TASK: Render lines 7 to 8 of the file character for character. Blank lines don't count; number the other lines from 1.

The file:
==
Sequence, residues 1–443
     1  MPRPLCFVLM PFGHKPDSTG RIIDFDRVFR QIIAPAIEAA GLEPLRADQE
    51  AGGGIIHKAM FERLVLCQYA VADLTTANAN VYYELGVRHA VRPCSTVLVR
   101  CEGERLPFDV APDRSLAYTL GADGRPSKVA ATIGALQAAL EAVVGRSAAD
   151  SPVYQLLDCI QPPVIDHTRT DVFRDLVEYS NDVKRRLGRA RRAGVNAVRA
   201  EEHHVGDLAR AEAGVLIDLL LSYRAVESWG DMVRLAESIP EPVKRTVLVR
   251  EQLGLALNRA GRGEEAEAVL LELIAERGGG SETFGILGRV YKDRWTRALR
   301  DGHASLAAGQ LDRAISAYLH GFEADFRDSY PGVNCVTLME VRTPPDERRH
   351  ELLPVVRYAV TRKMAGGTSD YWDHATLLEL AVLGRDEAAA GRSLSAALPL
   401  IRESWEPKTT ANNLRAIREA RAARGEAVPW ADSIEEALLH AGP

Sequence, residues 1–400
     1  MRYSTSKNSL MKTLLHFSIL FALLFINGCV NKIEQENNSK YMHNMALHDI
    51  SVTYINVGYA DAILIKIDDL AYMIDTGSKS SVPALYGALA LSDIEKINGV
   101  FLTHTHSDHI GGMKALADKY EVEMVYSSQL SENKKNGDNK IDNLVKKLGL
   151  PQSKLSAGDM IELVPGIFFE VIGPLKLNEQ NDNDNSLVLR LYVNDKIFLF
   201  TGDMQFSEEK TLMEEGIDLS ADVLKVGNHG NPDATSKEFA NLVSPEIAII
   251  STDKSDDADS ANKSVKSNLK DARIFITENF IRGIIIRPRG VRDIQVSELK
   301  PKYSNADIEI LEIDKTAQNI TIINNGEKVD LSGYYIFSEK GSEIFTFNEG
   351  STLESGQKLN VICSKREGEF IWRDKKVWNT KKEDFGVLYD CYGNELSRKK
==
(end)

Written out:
   251  EQLGLALNRA GRGEEAEAVL LELIAERGGG SETFGILGRV YKDRWTRALR
   301  DGHASLAAGQ LDRAISAYLH GFEADFRDSY PGVNCVTLME VRTPPDERRH